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Amp settings for Stimer pickups

ShawnShawn Boise, Idaho✭✭✭✭
Hi all,

I have a Stimer pickup I bought from Michael here on Djangobooks years ago, but I've never really found an ideal setting for it through the amp. In lieu of this I'm wondering what other Stimer owners set their amps to for an ideal classic Django sound? How much overdrive should I have, if any? What do you guys set your treble, bass, mids to? Do you use chorus effects, etc.?

I only ask as I have a gig coming up with about 200 people listening to me, and this is the first time I've needed to amplify the guitar in such a setting.

PS- I'm running the guitar through a Fender Princeton Chorus 2x10 Solid State Amp.

Thanks,
Shawn

Comments

  • MichaelHorowitzMichaelHorowitz SeattleAdministrator
    Posts: 5,893
    I sometimes cut some mids but generally the Stimer sounds so overwhelmingly good I just run it flat.
  • jscook777jscook777 ✭✭✭✭
    Posts: 106
    Michael is right about running eq flat, the Stimer should sound great with that Fender amp.

    In my opinion the correct use of EQ is to fix problems not improve the tone. If I were you I would setup everything flat with no verb and adjust the volume to roughly performance level. Then I would play around the fingerboard, low to high, and only make an adjustment if one of the ranges (low,mid, or high) is louder than the rest. Every room is different and some stages will couple with your amp and cause some extra bass to happen. Conversely, some rooms will have hard surfaces that cause the treble to come out a bit. After you've fixed the problems for the environment then add some verb.

    Theres an audio engineer adage "Eq is gain". Basically when you are eq-ing you're just taking volume or adding volume in certain registers. Often when I work as an audio engineer I'll be amazed at how musical an instrument will sound if I only fix the problems and don't try to improve the tone. And the best times I have playing are when the amp or sound system is adjusted so the notes across the fingerboard are balanced.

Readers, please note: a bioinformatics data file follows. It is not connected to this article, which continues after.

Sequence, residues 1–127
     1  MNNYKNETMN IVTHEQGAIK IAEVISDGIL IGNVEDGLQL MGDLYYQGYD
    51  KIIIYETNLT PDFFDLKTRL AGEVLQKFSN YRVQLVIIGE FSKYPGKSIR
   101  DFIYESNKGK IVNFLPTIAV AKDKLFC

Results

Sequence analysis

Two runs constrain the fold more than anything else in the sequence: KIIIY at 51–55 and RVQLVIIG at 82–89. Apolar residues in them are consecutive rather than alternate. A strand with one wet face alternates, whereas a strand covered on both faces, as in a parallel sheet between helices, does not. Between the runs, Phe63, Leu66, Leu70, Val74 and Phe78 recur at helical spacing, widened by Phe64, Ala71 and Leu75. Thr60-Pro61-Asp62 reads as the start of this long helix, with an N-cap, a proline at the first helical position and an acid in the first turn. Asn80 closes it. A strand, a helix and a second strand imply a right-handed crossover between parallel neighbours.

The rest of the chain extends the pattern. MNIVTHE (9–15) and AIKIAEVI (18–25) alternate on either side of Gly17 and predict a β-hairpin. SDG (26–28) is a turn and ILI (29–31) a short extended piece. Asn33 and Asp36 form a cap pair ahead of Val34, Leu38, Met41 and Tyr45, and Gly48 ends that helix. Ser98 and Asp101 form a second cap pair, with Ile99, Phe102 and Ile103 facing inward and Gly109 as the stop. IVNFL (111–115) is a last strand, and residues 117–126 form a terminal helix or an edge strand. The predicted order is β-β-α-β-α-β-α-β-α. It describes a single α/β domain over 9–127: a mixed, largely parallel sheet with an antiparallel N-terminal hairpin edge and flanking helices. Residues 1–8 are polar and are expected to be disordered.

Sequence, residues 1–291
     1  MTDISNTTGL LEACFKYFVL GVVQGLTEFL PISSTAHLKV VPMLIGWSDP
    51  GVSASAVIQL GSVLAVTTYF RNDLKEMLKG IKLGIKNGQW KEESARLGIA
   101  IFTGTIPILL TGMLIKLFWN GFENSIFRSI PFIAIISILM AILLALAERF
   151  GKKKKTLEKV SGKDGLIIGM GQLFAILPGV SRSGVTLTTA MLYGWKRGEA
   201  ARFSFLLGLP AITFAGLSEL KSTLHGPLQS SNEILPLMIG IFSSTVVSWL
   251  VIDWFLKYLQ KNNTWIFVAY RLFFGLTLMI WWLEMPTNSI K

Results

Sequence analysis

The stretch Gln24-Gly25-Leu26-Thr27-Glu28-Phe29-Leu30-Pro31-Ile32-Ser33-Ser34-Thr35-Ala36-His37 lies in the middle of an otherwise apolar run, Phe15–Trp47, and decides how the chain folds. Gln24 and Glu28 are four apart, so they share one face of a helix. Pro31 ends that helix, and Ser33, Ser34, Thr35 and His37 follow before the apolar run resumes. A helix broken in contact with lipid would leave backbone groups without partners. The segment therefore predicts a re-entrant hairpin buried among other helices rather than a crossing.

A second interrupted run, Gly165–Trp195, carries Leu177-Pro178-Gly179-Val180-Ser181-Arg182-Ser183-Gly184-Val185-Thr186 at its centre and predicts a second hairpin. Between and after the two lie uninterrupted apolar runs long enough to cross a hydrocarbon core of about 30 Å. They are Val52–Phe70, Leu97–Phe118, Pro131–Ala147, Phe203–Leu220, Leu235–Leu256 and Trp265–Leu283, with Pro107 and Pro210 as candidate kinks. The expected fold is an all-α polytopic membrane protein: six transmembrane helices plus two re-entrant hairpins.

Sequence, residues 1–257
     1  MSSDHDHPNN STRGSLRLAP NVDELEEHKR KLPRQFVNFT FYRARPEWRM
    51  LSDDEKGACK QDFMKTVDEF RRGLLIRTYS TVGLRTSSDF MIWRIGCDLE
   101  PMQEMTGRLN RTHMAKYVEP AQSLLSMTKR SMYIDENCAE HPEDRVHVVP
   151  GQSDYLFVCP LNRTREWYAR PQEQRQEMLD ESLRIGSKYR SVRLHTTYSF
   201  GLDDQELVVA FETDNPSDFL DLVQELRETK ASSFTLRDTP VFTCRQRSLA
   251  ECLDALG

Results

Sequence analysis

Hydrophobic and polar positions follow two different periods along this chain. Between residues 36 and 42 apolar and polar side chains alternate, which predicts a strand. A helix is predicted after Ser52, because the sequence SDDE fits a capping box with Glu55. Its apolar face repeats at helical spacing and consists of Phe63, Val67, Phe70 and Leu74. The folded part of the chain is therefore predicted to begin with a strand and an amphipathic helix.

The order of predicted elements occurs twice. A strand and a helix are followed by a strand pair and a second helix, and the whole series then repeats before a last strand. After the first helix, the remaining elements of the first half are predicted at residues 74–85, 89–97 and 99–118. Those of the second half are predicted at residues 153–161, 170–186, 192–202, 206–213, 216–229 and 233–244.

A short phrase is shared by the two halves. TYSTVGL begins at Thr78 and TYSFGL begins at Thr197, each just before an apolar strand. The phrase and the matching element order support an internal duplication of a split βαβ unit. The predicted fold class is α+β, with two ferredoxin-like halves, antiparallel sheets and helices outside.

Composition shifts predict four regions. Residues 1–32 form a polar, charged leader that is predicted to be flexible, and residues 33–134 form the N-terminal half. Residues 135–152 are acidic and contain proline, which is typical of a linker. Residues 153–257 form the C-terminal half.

So that's my two cents. Break a leg!
    -Jason
  • StevearenoSteveareno ✭✭✭
    Posts: 349
    Don't own a Stimer, but think they sound awesome. You might want to try a small, old Fender tube amp, like a Champ to get a more "vintage" tone. The silverface Chanps and VibroChamps from the 70's can be picked up fairly cheap and sound just like the blackface ones from the 60's, or even the tweed 50's. Don't know if they would give you enuff volume an audience of 200 (depends on the venue and acoustics), but you could maybe mic it? Michael, are you mainly using a Stimer in your live gigs?
    Swang on,
  • MichaelHorowitzMichaelHorowitz SeattleAdministrator
    Posts: 5,893
    jscook777 wrote:

    In my opinion the correct use of EQ is to fix problems not improve the tone.

    Thanks for saying that!
  • MichaelHorowitzMichaelHorowitz SeattleAdministrator
    Posts: 5,893
    Steveareno wrote:
    Michael, are you mainly using a Stimer in your live gigs?

    Yes, that or the peche a la mouche pickup through an Acoustic Image/Raezer's Edge or for the more vintage vibe through a Peche a la mouche or Stimer tube amp. Been using the tubes more lately...they're very addictive!

    I do use mics or just play acoustic for the more intimate or concert type gigs. But when playing in bars and such the Stimer is the way to go.
  • StevearenoSteveareno ✭✭✭
    Posts: 349
    Thanks Michael, yeah...the setting makes all the difference. A Stimer thru a small tube amp is the tone that seems to fits in a noisy bar environment. I guess you need to play over the din of conversation, kids, cellphones and clanking plates & glasses. The audience is probably not dialed into subtlety. Kinda fits nicely into the overall mix of audio bombardment....maybe even spur them into hitting the dance floor if the mood arises. :wink:
    Swang on,
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